Leonard Cohen on the obsolescence of descriptions like conservative, liberal… “in the face of the catastrophe that everybody’s really dealing with”

In 1993, when Leonard Cohen appeared on the BBC TV show, Later with Jools Holland, the host asked if he believed he was an optimistic person. Leonard’s reply is as pertinent, penetrating, and powerful today as it was then.

Everybody’s kind of hanging onto their broken orange crate in the flood, and when you pass someone else, to declare yourself an optimist or a pessimist, or pro-abortion or against abortion, or a conservative or a liberal, these descriptions are obsolete in the face of the catastrophe that everybody’s really dealing with.quotedown2

Leonard Cohen


Originally posted January 25, 2009 at DrHGuy.com, a predecessor of Cohencentric

Leonard Cohen & Greek Politics: The Regime of the Colonels 1967-1974

Greek Military Junta Of 1967–1974

After the April 21, 1967 Greek coup d’éta which signaled the start of the oppressive Regime of the Colonels, many foreigners, especially foreigners who were celebrities, who lived in or even visited Greece were criticized for implicitly supporting the military junta. Leonard Cohen was among those denounced because of his ownership of a home in Hydra.

From Various Positions: A Life of Leonard Cohen by Ira Nadel:

At the 1970 Leonard Cohen Aix-en-Provence concert, some in the audience called Cohen a fascist, accusing him of condoning The Regime of the Colonels” in Greece because Cohen had lived and continued to own a residence on Hydra. Cohen’s reply follows:

I have not spent much time when The Colonels were there. Most of the time I spent there was in the 60’s, but I had friends there for it all, and I had a life. It is not a question of supporting the so and so or something like that!1

Earlier during the 1970 tour, however, at the May 12 Paris show, Cohen had included a “tribute to the opposition to the Greek colonels.” This excerpt is from Leonard Cohen Scores In Paris by Tim Creery (Montreal Gazette: May 14, 1970):

After the intermission he dedicated an anti-Nazi song aux etudiants assassines in the U.S. and the show ended with a tribute to the opposition to the Greek colonels.


  1. From Encyclopaedia Universalis – Leonard Cohen – Le Partisan via Google Translate []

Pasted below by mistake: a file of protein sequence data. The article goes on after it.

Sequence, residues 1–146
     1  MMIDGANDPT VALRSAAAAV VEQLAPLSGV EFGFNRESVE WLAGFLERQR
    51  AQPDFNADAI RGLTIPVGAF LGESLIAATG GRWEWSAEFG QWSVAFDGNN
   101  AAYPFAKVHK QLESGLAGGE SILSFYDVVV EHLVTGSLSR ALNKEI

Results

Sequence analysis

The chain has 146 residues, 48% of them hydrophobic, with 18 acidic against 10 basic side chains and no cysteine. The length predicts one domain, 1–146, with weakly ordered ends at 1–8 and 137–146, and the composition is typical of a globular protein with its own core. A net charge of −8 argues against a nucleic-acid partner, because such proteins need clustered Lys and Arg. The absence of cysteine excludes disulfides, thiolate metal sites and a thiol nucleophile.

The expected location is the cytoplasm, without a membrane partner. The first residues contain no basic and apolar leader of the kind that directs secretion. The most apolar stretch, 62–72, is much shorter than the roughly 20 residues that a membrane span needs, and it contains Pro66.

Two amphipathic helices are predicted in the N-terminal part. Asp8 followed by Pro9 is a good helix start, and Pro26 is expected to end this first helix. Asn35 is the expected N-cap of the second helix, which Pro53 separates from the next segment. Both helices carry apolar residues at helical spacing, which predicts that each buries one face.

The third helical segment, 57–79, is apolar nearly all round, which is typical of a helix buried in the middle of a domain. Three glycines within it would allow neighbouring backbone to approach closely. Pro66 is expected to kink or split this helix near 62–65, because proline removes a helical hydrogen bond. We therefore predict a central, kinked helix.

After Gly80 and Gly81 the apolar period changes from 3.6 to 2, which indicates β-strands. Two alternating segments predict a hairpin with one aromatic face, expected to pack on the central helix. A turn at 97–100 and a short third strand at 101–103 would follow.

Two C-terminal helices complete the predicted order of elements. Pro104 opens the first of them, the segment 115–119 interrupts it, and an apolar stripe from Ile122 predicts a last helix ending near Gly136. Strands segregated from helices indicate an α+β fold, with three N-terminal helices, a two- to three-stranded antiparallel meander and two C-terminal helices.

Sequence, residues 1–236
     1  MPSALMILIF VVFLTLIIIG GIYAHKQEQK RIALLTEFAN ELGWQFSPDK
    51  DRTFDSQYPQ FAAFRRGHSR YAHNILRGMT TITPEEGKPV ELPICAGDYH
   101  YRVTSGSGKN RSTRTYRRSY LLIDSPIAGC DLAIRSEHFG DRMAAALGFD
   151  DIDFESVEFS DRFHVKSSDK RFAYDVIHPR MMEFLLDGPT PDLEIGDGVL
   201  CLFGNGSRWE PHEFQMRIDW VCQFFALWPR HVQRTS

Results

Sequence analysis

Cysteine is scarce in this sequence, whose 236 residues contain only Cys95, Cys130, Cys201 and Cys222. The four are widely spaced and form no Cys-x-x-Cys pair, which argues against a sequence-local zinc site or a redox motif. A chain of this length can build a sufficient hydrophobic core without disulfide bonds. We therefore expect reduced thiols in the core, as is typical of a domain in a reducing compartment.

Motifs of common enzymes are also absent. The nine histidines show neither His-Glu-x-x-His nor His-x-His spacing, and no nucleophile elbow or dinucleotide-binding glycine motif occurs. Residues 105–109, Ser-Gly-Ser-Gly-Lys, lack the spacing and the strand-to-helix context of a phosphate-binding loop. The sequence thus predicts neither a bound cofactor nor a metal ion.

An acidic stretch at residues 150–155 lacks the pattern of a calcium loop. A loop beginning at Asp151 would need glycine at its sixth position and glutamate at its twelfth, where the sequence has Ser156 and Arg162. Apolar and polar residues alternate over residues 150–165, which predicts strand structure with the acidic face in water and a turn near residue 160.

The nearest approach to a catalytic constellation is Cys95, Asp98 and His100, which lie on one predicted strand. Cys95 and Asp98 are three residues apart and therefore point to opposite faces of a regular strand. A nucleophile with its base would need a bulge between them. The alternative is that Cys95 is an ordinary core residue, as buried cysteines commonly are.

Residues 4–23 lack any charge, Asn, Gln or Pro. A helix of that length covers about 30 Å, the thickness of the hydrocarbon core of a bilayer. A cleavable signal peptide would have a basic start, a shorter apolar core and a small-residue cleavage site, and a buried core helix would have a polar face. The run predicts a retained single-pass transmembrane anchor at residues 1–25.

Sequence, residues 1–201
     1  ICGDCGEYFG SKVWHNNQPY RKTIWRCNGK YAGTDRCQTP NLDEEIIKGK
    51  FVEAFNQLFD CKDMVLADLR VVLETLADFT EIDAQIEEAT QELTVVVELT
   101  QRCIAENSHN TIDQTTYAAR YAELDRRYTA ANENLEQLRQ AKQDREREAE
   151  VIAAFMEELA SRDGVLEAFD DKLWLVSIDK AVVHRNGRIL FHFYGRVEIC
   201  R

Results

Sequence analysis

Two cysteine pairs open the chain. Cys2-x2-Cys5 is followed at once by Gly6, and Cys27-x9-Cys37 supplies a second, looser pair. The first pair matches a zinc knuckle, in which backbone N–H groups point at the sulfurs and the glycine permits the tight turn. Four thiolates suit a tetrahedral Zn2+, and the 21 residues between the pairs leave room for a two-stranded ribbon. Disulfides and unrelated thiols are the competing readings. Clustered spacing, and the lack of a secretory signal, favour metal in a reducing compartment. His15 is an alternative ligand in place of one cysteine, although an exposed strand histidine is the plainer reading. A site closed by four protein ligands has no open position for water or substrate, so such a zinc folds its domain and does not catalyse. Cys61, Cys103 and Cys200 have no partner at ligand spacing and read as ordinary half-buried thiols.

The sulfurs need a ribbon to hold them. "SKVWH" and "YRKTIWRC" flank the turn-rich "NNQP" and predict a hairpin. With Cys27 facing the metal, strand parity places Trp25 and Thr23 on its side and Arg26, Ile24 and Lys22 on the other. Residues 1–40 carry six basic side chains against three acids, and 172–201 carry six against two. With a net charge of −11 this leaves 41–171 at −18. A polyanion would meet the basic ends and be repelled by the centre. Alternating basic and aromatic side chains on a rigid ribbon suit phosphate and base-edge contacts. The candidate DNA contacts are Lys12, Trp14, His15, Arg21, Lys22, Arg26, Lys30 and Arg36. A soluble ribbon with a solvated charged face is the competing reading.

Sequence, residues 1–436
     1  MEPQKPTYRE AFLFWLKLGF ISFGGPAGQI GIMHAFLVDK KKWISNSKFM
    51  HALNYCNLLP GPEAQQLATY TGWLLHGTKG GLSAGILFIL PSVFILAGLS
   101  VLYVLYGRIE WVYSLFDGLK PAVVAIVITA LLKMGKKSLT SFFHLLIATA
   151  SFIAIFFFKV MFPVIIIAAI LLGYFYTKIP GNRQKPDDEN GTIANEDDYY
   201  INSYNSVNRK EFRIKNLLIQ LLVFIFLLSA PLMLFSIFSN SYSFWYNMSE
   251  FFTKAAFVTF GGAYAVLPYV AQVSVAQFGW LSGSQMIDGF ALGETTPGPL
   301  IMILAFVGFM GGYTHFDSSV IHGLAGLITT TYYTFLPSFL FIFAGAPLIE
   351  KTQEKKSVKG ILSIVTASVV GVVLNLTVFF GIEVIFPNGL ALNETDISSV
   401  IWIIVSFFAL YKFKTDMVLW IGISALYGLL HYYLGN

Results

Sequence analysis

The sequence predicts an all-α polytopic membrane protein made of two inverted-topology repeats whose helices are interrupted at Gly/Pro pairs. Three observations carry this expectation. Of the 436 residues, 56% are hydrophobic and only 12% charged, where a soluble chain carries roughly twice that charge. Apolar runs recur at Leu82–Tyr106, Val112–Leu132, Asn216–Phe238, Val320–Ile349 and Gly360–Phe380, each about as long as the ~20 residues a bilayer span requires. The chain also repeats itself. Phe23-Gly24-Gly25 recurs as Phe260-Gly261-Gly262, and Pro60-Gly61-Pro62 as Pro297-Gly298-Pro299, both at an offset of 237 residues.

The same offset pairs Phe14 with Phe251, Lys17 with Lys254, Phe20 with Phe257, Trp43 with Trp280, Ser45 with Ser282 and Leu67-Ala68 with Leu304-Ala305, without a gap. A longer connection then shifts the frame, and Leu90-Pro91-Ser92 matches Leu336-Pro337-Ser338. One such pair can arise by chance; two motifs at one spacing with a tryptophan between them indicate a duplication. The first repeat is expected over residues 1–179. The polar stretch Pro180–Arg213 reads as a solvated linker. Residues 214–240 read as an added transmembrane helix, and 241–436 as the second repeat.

Q: What is your political stance? Leonard Cohen: “Pure Survival”

What is your political stance?

It is a stance of pure survival. I believe that a human being must defend his beliefs against wind and tide. Whatever position he believes he has to adopt, he must do so. If you think you have to fight, you must, and if you think you should hide, do that. That is my political stance – a question of survivalquotedown2

Leonard Cohen

Leonard Cohen Words And Silences by Constantino Romero (1974). Republished in Rockdelux 356 (December 2016). Via Google Translate. Photo by Pete Purnell

“A good song exists in very modest terms and also in Himalayan terms” Leonard Cohen

In “Everybody Knows,” there is a line that I found deeply moving, “Old Black Joe’s still picking cotton, for our buttons and our bows,” which seems to be a fairly heavy indictment of capitalism.

Whatever grip capitalism has on its constituents, it seems to be a more benign grip than any of the other systems that people have thought out. So I would resist, although not with a tremendous amount of interest in the matter, having it serve an anti-capitalist program. I think that a good song exists in very modest terms and also in Himalayan terms. I mean, it’s a thing to get you through the dishes. It provides a sound-track for your courting and for your solitude. That’s the modest element. Then there is an element in song which provides deep comfort and deep solace and stimulation for the imagination and courage. You can’t use it for something as deliberate as a program. It could be, but it falls away. A good song slips away from its dogma.quotedown2

Leonard Cohen


From Leonard Cohen:  Several Lifetimes Already by Cindy Bisaillon (Shambhala Sun, Jan, 1994). Originally posted Dec 16, 2013 at DrHGuy.com, a predecessor of Cohencentric

Leonard Cohen on the “gap between… private life and the public expression”

There’s something in everybody that says. well the public life doesn’t represent me. And the public statements don’t represent me, and my life is not represented on television. My life is not represented in the politician’s plans. My life is not represented in the books and the songs. That there’s something, that there’s a big gap between my private life and the public expression. And I think we’re in one of those times now, that gap opens and closes.quotedown2

Leonard Cohen

From How The Heart Approaches What It Yearns – Interview With Leonard Cohen Presented By John McKenna. RTE Ireland, May 9 & 12, 1988. Retrieved from LeonardCohenFiles. Photo “Leonard Cohen, 1988 01” by GorupdebesanezOwn work. Licensed under CC BY-SA 3.0 via Commons. Originally posted Dec 1, 2014 at DrHGuy.com, a predecessor of Cohencentric